Sun Microsystems Inc. today announced wider international availability and addition of new features to the Sun Grid Compute Utility available from Network.com.
In addition to the United States, the $1/CPU-hr, pay-per-use Network.com utility offering is now available in Australia, Austria, Belgium, Canada, China, Czech Republic, Denmark, Finland, France, Germany, Greece, Hungary, India, Ireland, Italy, Japan, New Zealand, Poland, Portugal, Singapore, Spain, Sweden and United Kingdom. Developers, independent software vendors (ISVs) and end-users from these countries will now have immediate access to Network.com’s powerful, on-demand computing infrastructure powered by the Solaris 10 OS, as well as to the open source and ISV applications published in Network.com Application Catalog.
Users signing up for a Network.com account will get 200 CPU-hrs free for a limited time. „International availability is an important milestone for Network.com. A large number of new developers who specialize on building compute intensive applications can now deploy on Network.com,” said Aisling MacRunnels, vice- president of Software Marketing, Sun Microsystems, Inc. „ISVs publishing applications in Network.com Application Catalog will find their addressable market segments rapidly increasing with the broader international access.” The newly announced features include Network.com Internet Access that enables applications running in Network.com to securely access external data and services over the Internet.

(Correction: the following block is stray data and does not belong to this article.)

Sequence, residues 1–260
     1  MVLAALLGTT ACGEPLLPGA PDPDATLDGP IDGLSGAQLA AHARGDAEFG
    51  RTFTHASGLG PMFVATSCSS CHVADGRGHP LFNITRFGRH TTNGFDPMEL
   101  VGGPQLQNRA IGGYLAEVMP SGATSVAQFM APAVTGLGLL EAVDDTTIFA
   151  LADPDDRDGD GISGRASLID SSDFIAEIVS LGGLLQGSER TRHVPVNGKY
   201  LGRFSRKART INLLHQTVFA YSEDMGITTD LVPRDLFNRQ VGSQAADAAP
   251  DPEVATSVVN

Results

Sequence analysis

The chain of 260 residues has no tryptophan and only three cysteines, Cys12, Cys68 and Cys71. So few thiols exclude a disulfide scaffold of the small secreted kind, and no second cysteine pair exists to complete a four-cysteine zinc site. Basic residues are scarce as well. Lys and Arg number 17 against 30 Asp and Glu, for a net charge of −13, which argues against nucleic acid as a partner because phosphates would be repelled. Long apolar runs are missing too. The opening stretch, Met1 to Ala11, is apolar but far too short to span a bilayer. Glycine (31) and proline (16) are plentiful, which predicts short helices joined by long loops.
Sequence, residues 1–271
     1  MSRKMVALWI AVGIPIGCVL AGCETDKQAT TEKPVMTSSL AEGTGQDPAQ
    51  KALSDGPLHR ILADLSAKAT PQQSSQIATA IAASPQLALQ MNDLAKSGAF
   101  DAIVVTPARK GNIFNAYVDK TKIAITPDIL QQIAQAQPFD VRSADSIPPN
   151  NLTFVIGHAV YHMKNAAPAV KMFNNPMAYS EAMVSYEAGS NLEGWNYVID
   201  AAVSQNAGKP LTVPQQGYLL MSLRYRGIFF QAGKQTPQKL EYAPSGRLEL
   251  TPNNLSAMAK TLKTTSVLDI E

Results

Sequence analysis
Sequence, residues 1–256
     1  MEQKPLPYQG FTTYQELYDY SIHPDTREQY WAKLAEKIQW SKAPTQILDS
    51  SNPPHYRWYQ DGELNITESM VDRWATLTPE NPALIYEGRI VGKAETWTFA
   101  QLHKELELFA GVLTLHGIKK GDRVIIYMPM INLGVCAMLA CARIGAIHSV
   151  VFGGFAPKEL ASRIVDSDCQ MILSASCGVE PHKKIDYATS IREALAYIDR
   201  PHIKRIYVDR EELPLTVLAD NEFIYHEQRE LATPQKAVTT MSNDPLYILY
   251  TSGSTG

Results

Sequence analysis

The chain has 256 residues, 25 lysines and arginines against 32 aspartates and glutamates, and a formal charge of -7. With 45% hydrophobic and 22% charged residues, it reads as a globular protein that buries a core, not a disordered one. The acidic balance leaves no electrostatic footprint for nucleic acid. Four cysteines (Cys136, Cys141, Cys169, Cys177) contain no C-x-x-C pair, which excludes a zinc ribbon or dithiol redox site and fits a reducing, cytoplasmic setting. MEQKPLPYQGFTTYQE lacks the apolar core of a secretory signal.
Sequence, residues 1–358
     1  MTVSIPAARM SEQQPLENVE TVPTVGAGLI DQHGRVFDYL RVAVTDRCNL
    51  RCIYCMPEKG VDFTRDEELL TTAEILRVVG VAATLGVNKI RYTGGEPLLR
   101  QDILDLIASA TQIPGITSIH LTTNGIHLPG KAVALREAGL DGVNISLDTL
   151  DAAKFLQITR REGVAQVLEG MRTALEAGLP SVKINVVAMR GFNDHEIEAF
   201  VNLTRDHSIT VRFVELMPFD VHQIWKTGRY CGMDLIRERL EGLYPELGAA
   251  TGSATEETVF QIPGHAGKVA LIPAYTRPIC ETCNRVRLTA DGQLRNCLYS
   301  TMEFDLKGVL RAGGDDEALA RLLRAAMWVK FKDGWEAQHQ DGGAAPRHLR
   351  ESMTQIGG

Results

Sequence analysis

This feature allows applications running on Sun Grid Compute Utility to access data irrespective of its location on the Internet. This opens the possibility for Network.com to offer new services that are mash-ups of data and services from multiple sources thereby enabling the developers to take advantage of the online services and databases in innovative ways. Customers across a wide range of industries -- from life sciences to education to manufacturing have already started leveraging the new features of Network.com in their applications. The Solenoidal Tracker at RHIC (STAR) project at Brookhaven National Laboratory is using the Network.com to supplement its massive computational needs.
„We have recently ported Starsim, the mainstay simulation application for the STAR project, to the Solaris 10 OS to take advantage of the new features of the Network.com computing infrastructure,” said Maxim Potekhin, the simulation leader of the STAR project. „We are approaching the next frontiers in our studies of the „perfect liquid” formed from nuclear matter under extreme conditions, and Network.com is helping us move our simulation effort forward efficiently and without additional infrastructure investment. Looking forward, the STAR project offers a unique opportunity to bridge commercial and non-commercial grids, making a step towards realization of the Sun Microsystem’s vision of computing power as a utility.”
Sun is also announcing the start of a limited Beta program for developers to try out the new Network.com Job Management Application Programming Interfaces (APIs). The APIs provide programmatic access for the most commonly used tasks such as transferring data, applications and results to and from the Sun Grid Compute Utility. The APIs enable integration of Network.com into the enterprise data center. They allow for automated offloading of peaks capacity requirements when demand exceeds available capacity in the enterprise data center.
„The availability of APIs is an important milestone in delivering developers with the ability to perform production scale tests right from their development systems” said Mark Herring, Director of Marketing for Network.com. „It provides developers with the necessary mechanisms to build applications that can truly harness the dynamic compute capacity provided by Network.com.” Network.com provides access to compute infrastructure on a pay-per-use basis via its Sun Grid Compute Utility at $1/CPU-hr. It is powered by the Solaris 10 OS and Sun Grid Engine running on Sun’s x64 hardware. CPU-hr is defined as the aggregate time spent across all CPUs and rounded up to the next hour.